NOTE: This requirement does NOT apply for students in Elementary Education or Early Childhood education who have a concentration in a modern language.
The Oral Proficiency Interview (OPI) is:
The OPI is a carefully structured conversation between a trained and certified interviewer and you – the person whose speaking proficiency is being assessed. The interview is interactive; there is no script or prescribed set of questions, and the tester will adapt the interview based on your skills. The topic to be discussed is decided by your interests.
By asking questions, the interviewer tests your ability to handle communication at various levels of proficiency; a clear "floor" and "ceiling" of your ability is determined. Also, you might be asked to take part in a role-play to show linguistic capabilities not easily elicited through the conversational format. Since the OPI is an assessment of speaking ability, independent of any curriculum, it does not matter when, where, why and how you acquired your speaking ability in the language.
The interview - lasting 10-30 minutes – is digitally recorded and assigned an initial rating by the tester. The interview is then rated again in a “blind” review by a second certified tester. Under the supervision of the ACTFL testing office, a final rating is assigned and an ACTFL OPI certificate is issued to those who earn a rating of intermediate-high or better.
The testers and raters are highly specialized language professionals who have completed rigorous training in conducting the test and rating the results. ACTFL strictly monitors all testing and rating.
If you are a language teaching student, you will need to take the OPI administered by the ACTFL. Allow four weeks for the registration process.
Once you are ready to sign up for the exam, take these five steps:
Once your application has been processed you will be sent an e-mail with your confirmed test date, time and other instructions. This e-mail will provide you with a unique ID and password to access your test information and status on the OPI website. Please keep this important email and website information. You will be able to verify the date and time of your OPI and, after the test, check the status of your test result. You will also be able to print your ACTFL OPI proficiency certificate. The proctor will also be notified of the OPI date, time and telephone number by email.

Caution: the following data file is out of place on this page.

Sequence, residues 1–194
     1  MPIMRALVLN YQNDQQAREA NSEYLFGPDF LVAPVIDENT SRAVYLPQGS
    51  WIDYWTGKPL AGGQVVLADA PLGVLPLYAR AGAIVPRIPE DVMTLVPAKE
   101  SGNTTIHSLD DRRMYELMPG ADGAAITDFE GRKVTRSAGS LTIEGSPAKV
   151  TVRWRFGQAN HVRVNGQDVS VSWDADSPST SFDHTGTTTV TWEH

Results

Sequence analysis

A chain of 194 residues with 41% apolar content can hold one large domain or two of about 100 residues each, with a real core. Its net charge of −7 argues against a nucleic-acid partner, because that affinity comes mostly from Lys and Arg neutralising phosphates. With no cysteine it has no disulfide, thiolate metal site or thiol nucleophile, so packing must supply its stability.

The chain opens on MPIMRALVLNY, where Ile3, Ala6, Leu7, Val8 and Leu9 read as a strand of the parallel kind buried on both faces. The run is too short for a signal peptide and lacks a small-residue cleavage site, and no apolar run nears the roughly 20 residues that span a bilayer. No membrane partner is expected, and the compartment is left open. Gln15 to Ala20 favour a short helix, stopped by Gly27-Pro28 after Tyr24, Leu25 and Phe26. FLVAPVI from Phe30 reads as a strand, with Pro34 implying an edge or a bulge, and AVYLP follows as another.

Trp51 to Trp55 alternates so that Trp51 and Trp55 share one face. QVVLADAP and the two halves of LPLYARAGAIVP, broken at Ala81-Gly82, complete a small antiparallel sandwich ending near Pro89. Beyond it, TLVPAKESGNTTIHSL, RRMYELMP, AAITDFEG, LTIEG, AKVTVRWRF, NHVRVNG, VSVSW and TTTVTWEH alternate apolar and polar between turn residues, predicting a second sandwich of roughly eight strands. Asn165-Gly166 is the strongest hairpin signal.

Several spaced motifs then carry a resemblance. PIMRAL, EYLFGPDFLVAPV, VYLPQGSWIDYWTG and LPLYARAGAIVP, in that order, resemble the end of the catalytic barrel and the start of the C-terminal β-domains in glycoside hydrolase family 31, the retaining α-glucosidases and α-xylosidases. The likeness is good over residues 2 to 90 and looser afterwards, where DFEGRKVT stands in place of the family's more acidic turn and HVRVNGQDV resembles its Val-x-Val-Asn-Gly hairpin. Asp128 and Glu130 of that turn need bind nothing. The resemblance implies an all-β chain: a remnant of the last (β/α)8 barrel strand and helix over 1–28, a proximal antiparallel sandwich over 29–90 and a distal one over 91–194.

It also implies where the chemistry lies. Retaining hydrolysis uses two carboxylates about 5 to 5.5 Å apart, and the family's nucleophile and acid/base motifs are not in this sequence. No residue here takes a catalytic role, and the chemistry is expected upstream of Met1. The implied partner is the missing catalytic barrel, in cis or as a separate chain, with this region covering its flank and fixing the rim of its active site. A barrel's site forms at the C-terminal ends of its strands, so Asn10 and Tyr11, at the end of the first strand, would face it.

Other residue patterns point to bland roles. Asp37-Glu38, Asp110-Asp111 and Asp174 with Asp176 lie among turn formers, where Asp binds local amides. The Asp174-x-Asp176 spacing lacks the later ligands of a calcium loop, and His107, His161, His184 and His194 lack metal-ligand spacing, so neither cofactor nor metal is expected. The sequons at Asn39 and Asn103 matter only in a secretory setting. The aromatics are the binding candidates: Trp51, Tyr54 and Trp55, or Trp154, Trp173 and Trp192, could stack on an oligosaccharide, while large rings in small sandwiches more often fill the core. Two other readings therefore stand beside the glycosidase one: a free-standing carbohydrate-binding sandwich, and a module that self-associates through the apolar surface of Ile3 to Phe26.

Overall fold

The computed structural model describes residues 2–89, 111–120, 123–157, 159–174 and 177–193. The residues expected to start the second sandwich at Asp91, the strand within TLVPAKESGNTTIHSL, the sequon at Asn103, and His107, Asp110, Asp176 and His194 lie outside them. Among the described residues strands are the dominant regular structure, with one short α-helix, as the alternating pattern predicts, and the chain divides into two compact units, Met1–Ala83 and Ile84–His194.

Finalize appointment arrangements with your proctor. All appointments are considered confirmed, unless notice is sent by the candidate or proctor. If an appointment needs to be rescheduled:
Once your test is rated (usually within two to four weeks), you can view the test results on the OPI website. Each test becomes a permanent record in the ACTFL test archive. For an additional fee of $50.00 a test rating can be expedited as "express" and a final rating guaranteed within 10 business days.
Prepare for the test by reading the proficiency descriptions (below). Be sure that you fully understand the functions, level of accuracy and discourse length required at each level.
When taking the OPI, listen carefully to the questions asked by the interviewer before answering. When answering, give as detailed a response as possible. Saying little to avoid making mistakes will not improve your rating. If you do not know a specific term in the target language, describe it and try not to resort to English or making up words. If you do use English or a slang term, do not be surprised if the interviewer asks you to describe what that word means in the target language.